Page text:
In business, a creative idea is only worth as much as the manager who can recognize it. Malcolm Gladwell once told the story of Xerox engineer Gary Starkweather, who conceived of a laser printer circa 1970 but was forbidden to pursue it by a boss. Starkweather developed a prototype in his spare time and forced the company to transfer him so he could finish it. He basically begged Xerox to let him work on an idea it should have been begging him to work on.
That story ended just fine for Xerox, but no doubt many other creative ideas stall in the conception phase for lack of encouragement. Truth is many managers face what might be called a creativity dilemma: their desire for novel ideas and creative workers is at odds with their need to provide practical order. The result of this dilemma, in many cases, is that an aversion to novelty rules the day.
Management scholar Jennifer Mueller of the University of San Diego has studied the failures of creative assessment and found hidden cognitive factors at its core. "There are situational variables that are very subtle and transitory that can shift your ability to determine what's creative," Mueller tells Co.Design. These seemingly random factors—such as a manager's mindset during an idea pitch—can bias people against creativity without them knowing it.
In one study, published in Psychological Science last year, Mueller and collaborators asked test participants to rate a creative product: a running shoe equipped with nanotechnology that improved its fit and reduced blistering. Some of the participants were put in the mindset of someone open to uncertainty (by being told there were many potential answers to a problem). Others were put in frame of mind that favored certainty (told that a problem needed a single, certain resolution).
These slight mental nudges had an outsized effect on assessments of creativity. Participants who'd been predisposed toward certainty rated the shoe as significantly less creative than those predisposed to tolerate uncertainty. They also responded more favorably to concepts of practicality on an implicit word association test. The researchers concluded that idea evaluators can harbor a "negative bias against creativity" they don't even realize exists.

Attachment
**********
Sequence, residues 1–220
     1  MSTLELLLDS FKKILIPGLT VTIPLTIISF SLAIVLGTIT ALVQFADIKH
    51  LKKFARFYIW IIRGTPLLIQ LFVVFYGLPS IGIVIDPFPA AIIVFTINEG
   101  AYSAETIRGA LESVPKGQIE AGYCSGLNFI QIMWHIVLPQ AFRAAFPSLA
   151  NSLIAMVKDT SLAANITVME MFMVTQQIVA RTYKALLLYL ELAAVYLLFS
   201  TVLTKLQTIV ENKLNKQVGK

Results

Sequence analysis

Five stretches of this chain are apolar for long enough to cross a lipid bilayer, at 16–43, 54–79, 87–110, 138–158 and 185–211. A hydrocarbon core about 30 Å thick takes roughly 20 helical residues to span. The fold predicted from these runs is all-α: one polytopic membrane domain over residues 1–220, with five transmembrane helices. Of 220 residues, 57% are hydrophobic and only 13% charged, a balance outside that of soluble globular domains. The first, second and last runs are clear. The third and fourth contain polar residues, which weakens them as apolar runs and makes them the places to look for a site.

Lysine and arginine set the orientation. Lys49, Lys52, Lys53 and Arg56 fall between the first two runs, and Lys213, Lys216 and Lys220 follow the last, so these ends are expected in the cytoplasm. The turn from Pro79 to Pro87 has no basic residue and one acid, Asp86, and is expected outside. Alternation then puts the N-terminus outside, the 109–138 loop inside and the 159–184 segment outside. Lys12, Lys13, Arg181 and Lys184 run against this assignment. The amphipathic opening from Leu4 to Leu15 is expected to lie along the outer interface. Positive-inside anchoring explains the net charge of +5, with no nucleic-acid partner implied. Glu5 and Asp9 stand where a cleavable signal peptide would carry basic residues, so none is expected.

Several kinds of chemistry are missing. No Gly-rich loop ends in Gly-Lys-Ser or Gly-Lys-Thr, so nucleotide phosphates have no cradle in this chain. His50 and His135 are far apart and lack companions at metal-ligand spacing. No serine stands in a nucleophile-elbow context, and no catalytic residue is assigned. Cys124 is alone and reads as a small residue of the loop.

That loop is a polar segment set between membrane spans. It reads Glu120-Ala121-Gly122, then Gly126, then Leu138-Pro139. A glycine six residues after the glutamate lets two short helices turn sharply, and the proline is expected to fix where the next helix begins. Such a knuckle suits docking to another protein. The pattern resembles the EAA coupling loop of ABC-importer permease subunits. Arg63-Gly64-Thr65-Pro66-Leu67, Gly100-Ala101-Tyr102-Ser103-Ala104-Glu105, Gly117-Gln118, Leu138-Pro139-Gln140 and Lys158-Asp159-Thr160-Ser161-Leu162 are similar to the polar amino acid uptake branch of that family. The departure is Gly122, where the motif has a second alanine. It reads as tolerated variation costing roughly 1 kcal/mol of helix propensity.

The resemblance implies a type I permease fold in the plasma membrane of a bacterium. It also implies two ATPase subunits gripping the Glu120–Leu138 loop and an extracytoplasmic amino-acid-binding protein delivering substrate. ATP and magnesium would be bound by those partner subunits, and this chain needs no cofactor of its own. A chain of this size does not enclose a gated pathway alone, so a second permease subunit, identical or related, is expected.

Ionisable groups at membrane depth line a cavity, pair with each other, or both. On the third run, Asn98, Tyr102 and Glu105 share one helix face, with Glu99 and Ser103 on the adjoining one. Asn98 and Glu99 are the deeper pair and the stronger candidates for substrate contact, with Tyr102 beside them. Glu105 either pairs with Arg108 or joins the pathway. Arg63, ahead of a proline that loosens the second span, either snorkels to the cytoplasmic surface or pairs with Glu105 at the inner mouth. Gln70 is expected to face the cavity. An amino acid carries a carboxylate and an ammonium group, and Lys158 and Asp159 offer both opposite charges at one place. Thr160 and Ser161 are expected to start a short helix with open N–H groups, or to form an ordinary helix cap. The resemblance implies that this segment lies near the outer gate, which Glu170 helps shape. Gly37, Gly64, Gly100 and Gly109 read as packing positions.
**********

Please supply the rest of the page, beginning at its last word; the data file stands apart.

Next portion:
In more recent work, set for publication in the Journal of Experimental Social Psychology, Mueller and some different collaborators expanded the idea assessment scenario to include four ideas. Two were independently rated as creative, and two were not. The researchers wanted to see whether an evaluator's mindset influenced every idea heard, or only the ideas that were truly creative.
Before test participants rated the ideas, some were put in a "why" frame of mind, while others were put in a "how" frame of mind. The "why" mindset was supposed to establish the sort of broad, abstract thinking one might want during creative evaluation (known in psychological terms as a "high-level construal"). The "how" mindset was meant to evoke a narrow mentality locked onto practical details and logistics (a "low-level construal").
All the test participants felt the same way about the two non-creative ideas. These were seen as uninspiring no matter a person's frame of mind. But ratings of the creative ideas varied significantly based on which construal had been established earlier. Participants in the "why" mindset considered the ideas much more creative than those in "how" mindset. It was as if these hidden cognitive factors formed a secondary layer of assessment, once an initial creativity threshold was passed.
Mueller suspects that an abstract or "why" mindset may be a better psychological framework to consider novelty than, say, a narrow "how" mentality. "So the 'how' mindset focuses on the one Achilles heel of all creative ideas, which is the more novel the more uncertainty—the less you know about how feasible it is," she says. "That's what we think is driving down these assessments of creative ideas."
Recognizing which mindsets stifle idea assessment is the first step toward resolving the creativity dilemma. Managers prone to practicality can begin pitch meetings with a quick intervention that promotes a more abstract frame of mind. In Mueller's latest study, the "why" mindset was achieved simply by asking test participants to consider why people do a series of common activities: back up a computer, for instance, or drive a car. Might also ask why people use a laser printer, while you're at it.